The kindness of Niccolò Selmi (who touches Ambra’s heart), rating: 7
“You don’t know how well I understand what you’re saying; you also do it with a kindness that isn’t so easy to apply in such situations. I can only say thank you.” In this episode, Niccolo Selmi managed to touch the hearts of the jury and the audience with his unreleased song, especially that of Ambra (who was moved to tears). “I say well done to you too,” Morgan added, “you seem like a boy who had to grow up fast.” Maybe I’m telling you things that aren’t true, but it seems to me that you believe in yourself “You have to, you have to believe in yourself, because what I saw is something really believable from an artistic point of view.”
Fedez’s (tiring) restart: 4
Slowly, after the first two somewhat boring auditions, Fedez starts to get going, between several failures and a nice aside about why he raps (questioned by Morgan). The Sedeyp singer, former frontman of a death cover band – a death metal group, as the name suggests – justified his years dedicated to rap as follows: “I rapped all my life because I thought that it makes me cooler than death.” Metal.” “So rapping is cooler than death metal?” the former Bluvertigo asked him. “Emotionally no, for women maybe yes.” “Fedez, is that why you rap?” And there was silence. As the saying goes: those who are silent agree.
The Two Morgans, Rating: 5
In those first three episodes of “When you started, I thought you were out of it,” he said to Alice Tombola. While I was thinking about it, the audience got excited and I said, “Wow, maybe I’m an asshole.” This isn’t so much about the technique, I always look at the technique and I miss the joy and the emotions, the freedom , the feeling of liberation.”
Dargen and the responsibility of the final judgment, vote: 7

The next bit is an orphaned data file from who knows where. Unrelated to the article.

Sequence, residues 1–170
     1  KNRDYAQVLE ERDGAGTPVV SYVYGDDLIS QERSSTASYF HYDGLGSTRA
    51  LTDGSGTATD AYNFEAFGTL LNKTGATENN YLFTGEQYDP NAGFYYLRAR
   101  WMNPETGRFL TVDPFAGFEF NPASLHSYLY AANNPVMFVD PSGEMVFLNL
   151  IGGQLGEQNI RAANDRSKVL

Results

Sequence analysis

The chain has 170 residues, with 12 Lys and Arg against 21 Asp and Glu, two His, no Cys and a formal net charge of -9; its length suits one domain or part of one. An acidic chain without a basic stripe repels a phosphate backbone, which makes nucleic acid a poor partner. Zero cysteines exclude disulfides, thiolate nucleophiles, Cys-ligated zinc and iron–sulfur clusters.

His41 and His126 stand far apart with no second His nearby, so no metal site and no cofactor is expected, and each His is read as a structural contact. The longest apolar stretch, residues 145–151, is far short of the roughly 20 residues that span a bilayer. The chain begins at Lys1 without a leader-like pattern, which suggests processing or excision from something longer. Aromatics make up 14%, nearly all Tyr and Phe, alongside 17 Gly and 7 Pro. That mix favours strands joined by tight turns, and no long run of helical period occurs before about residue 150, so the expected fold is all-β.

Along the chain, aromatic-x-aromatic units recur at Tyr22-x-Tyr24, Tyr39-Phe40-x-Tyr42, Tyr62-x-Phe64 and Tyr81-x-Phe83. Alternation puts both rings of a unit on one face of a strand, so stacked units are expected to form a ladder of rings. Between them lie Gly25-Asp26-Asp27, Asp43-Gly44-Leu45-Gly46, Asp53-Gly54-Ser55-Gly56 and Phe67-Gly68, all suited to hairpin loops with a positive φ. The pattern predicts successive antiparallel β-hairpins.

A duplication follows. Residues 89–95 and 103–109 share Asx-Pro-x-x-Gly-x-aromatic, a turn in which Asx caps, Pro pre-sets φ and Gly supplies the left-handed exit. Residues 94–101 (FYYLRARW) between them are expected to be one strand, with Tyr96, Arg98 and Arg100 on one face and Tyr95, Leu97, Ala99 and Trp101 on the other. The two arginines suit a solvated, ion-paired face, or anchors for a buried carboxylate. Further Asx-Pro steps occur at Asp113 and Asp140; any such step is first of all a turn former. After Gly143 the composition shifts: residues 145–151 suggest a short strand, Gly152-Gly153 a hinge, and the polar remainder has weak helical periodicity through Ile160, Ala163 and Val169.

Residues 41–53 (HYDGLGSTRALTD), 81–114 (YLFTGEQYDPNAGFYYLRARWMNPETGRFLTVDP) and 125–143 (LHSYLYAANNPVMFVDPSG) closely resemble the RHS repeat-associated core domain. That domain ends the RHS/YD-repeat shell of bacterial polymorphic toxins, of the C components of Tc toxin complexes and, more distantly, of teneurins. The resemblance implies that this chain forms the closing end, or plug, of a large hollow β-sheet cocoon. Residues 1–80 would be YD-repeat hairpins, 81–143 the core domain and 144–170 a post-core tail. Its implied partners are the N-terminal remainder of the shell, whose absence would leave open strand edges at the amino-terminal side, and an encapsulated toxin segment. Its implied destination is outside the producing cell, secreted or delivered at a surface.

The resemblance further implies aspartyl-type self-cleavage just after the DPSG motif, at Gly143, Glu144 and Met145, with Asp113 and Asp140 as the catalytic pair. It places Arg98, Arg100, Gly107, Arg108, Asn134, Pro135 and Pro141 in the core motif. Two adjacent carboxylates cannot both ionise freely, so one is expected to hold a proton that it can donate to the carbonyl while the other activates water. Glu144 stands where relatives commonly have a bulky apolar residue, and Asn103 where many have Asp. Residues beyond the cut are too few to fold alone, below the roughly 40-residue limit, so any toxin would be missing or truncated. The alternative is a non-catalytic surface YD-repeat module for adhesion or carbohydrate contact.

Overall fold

When his colleagues at the desk entrust him with responsibility for the final vote that can approve passage to boot camp or the painful final elimination, Dargen never loses sight of his focus. Initially undecided about Giovie&Micke, very much appreciated by the audience, but rejected by Fedez, who found their performance “tongue-in-cheek”, he did not let the tension overwhelm him. ‘At the moment I don’t think your path deserves a place on the X Factor team. I think so, but maybe I’ll change my mind at boot camp.”
Punk Girls (and Paolo Meneguzzi’s Fall Controversy), Rating: 3
The protagonist of the summer’s (trash) controversy against J-Ax Paolo Meneguzzi returns to office with a new controversy, this time in the fall. He’s been thundering against it on Facebook for days. They’re called punk girls, but – as the participants explained in their presentation clip – they don’t hear punk (and that’s not a good start). “For us it is an opportunity to send a different message and set new standards. We want to convey that women are free to choose what they want.” It’s a shame they stumbled upon a few too many: “Tell me you’ll let me travel by private jet/cover me from deception with your money” .
Francesca Spennato and the Renegade Idols, Rating: 5
“And in any case my idol is not Nina Simone, I like Beyoncé.” Francesca Spennato, chakra expert who brought the soul star’s “Ain’t Got No I Got Life” to the auditions, played all the cards to To get Ambra’s approval (which was the deciding factor in the final decision). “You know the chakra has actually come out now, I’m telling you.”
The clear madness of Ken La Fen, rating: 4
With Ken La Fen from Penne in the province of Pescara – on stage with an angel with a recorder who does absolutely nothing for the entire duration of the performance (“They say I’m their muse, but I don’t fit in”) – Fedez lit up. But her clear madness was not understood by Ambra: “My judgment lies entirely in the face of the angel.” A very difficult project to implement within the framework of the program, especially because it requires extremely balanced people (as Dargen emphasized).